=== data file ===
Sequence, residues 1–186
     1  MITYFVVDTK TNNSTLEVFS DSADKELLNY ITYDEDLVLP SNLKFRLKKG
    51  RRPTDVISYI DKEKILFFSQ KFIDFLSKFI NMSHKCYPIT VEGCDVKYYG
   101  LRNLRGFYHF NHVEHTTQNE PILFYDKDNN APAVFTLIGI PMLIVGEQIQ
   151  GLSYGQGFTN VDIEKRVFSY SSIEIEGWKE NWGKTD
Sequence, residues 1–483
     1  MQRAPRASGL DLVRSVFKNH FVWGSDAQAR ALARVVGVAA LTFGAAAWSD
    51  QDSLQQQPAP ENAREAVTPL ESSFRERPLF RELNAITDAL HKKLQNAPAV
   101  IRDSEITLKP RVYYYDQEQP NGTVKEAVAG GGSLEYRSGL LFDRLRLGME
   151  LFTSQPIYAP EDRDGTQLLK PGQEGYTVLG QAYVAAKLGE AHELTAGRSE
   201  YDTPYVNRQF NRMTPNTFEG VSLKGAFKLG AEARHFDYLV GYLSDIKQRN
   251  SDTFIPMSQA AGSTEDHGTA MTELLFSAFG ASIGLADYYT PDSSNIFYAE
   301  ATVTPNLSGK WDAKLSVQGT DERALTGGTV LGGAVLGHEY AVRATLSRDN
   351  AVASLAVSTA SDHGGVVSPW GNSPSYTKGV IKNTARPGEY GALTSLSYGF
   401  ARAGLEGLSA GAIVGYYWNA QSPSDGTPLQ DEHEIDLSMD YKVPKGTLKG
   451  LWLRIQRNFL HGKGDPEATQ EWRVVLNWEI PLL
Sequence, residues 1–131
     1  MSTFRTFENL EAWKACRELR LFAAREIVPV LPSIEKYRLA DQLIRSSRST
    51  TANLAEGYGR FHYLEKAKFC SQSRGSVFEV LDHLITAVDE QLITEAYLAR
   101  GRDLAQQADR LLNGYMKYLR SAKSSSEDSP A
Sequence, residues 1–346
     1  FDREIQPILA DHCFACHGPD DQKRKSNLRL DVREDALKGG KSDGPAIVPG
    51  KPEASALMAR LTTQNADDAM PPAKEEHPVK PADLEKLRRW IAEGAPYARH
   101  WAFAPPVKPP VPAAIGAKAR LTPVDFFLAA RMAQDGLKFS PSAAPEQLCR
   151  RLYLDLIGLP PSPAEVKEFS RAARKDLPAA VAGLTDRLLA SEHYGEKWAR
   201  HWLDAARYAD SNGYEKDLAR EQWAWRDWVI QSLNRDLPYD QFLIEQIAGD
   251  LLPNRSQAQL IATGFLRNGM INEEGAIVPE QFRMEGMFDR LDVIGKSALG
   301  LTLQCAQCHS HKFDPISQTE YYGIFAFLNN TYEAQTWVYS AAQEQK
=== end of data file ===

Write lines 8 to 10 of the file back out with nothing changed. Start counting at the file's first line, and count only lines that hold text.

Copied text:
    51  QDSLQQQPAP ENAREAVTPL ESSFRERPLF RELNAITDAL HKKLQNAPAV
   101  IRDSEITLKP RVYYYDQEQP NGTVKEAVAG GGSLEYRSGL LFDRLRLGME
   151  LFTSQPIYAP EDRDGTQLLK PGQEGYTVLG QAYVAAKLGE AHELTAGRSE